- First-term incumbents may have few ratings, as the most recent ratings for many groups were set at the end of 2003. A few incumbents who have served only for part of the term may have no ratings in most or all categories because any votes they cast occurred after the organizations' previous ratings were made. Voters whose first-term Senators or Representatives have few ratings should check their webpages at http://www.senate.gov or http://www.house.gov to look up their elected officials' webpages for further information on their views and voting records. Information on roll-call votes from 1989 to the present may also be found at Thomas's "Roll Call Votes" site.
- Some organizations, such as the Sierra Club and the National Rifle Association, had no available ratings for the current term at the time this project was under research. In these cases, ratings were gathered from other organizations with similar issues and interests. Some aspects of issues may have been inadvertently neglected because of this.
- The Gun Owners of America employed a letter system rather than a numerical system in their ratings. This was the only organization that did not rate incumbents on a percentage system, and it was not possible to correlate the letter grades with numerical percentages in a reliable fashion. Therefore, this rating was not used for sorting, but it was included because the issue of availability of firearms within the United States is important to voters.
- Keywords were used to represent rating organizations rather than their acronyms, since several organizations had similar acronyms. This should reduce confusion.
- Incumbents who have chosen not to run for re-election are designated as such by *** after their names. Some may have dropped out since the conclusion of research; if there is an error, please consult the incumbent's online webpage or local office for further information. Information on incumbents not seeking re-election was retained in the study to show how constituents' views were represented during the past term. This may help voters decide whether or not to support the new candidate of the same party.
- No attempt has been made to assess the views of all challengers for all races, for lack of time and resources. Only incumbents are included in the project.
- In two districts, South Dakota-at large and the Sixth District of Kentucky, information on both the former and present incumbents is provided. The former incumbents' information is there to show the way in which the district was represented in the past, since the new incumbents have not been in office long enough for evaluation. In these situations, as with other incumbents who have not been completely evaluated, residents of their districts should check their webpages at www.house.gov, for information on their representatives' views and endorsements. It was not possible to do this for all seats that have changed occupants during the term, for lack of information.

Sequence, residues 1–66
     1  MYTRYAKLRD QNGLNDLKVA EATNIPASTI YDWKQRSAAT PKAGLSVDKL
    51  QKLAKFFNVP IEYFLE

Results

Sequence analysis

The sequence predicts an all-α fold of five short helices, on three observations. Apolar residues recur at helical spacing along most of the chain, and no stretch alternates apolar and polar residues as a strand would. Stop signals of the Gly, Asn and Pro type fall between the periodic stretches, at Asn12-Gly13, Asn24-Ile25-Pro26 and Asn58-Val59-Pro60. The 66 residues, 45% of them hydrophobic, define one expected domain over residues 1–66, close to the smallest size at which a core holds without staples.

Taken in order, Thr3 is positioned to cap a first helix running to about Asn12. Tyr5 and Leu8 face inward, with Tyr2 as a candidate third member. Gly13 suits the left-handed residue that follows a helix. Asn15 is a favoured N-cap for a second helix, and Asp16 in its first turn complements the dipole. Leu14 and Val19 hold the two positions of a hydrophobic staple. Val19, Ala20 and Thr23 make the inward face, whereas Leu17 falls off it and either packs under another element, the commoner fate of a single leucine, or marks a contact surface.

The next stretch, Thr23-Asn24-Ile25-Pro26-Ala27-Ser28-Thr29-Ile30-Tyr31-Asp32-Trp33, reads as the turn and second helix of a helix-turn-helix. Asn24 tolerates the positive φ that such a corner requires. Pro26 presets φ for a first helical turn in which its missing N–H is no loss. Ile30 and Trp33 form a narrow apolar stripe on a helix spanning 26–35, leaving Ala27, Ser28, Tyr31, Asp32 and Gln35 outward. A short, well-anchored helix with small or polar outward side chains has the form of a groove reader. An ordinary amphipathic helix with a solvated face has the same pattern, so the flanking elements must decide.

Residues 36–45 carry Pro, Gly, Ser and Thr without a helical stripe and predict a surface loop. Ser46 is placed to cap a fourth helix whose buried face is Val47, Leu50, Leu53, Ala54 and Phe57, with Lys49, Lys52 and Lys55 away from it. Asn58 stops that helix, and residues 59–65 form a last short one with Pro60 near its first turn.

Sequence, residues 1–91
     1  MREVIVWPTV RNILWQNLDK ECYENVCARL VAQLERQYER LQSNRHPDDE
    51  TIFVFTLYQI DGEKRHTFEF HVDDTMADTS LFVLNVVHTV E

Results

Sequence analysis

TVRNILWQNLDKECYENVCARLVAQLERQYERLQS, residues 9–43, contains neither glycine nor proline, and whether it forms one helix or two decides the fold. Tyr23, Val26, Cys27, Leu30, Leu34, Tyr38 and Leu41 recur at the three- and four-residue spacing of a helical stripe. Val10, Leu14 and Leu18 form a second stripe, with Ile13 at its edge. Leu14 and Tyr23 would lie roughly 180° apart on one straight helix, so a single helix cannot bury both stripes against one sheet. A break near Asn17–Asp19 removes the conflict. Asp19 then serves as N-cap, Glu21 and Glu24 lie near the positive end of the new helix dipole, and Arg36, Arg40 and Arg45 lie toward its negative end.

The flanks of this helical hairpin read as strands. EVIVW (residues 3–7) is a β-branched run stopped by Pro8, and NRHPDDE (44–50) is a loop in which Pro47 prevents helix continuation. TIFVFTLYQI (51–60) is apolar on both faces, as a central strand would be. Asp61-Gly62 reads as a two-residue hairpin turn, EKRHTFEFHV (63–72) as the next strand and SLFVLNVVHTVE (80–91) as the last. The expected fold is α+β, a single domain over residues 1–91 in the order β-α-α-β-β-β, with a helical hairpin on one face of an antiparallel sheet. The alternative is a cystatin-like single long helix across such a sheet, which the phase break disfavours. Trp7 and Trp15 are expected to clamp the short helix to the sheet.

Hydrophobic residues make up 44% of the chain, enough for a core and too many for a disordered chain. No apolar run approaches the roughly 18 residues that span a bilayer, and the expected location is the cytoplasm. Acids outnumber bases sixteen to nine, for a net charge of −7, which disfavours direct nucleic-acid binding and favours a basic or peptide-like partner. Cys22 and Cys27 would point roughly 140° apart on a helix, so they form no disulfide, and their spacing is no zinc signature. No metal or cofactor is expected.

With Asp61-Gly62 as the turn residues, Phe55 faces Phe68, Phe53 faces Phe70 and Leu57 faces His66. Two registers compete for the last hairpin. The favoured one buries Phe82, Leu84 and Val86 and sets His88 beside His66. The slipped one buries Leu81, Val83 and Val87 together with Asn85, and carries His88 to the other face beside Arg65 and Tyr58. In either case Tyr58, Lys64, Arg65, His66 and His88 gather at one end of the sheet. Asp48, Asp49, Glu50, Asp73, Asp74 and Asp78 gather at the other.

- This study was undertaken as an independent project, unsupported by any organization. Limited time, and lack of funding have limited the scope of the project. Any errors or omissions are those of the project's author and not of the evaluating organizations.
For convenience, organizations have been placed in positions along the conventional two-dimensional political spectrum from liberal to conservative. This includes organizations who are officially unaligned with any political party; their position was estimated based on their positions on the issues they support.
Toward the liberal end of the current political spectrum are Americans for Democratic Action, the American Civil Liberties Union, and People for the American Way, which characterizes itself as progressive rather than liberal.
The conservative and neoConservative end of the spectrum are represented by the Chamber of Commerce of the United States, which traditionally has been pro-big-business with conservative leanings, the American Conservative Union, the National Tax League, and the Christian Coalition, whose rating covers the broadest range of issues. Also in this camp, but with a much more narrow focus, is the National Right to Life Committee.
Organizations that focus on specific issues but that are officially nonpartisan include the American Public Health Association, the League of Conservation Voters, The American Federation of State, County and Municipal Employees, the National Family Planning and Reproductive Health Association, the National Education Association and the Gun Owners of America. Although these groups' ratings may appear to side with one political party or another, the organizations themselves have not aligned with any one party and have historically found support from members of both party on various issues. Therefore, they have been placed along the spectrum based on how well their current political views correspond to those of other organizations.
Evaluating organizations, with quotations taken directly from their websites:
- Democratic Action: Americans for Democratic Action. website: http://www.adaction.org/
"ADA is America's oldest independent liberal lobbying organization....ADA continually strives to push for democratic and progressive values and ideals in American policy."
ADA ratings cover a broad spectrum of issues from a generally liberal viewpoint. Senate incumbents are rated as of 2003, but House incumbents are rated for 2002 and 2003.
- ACLU: American Civil Liberties Union. website: http://www.aclu.org/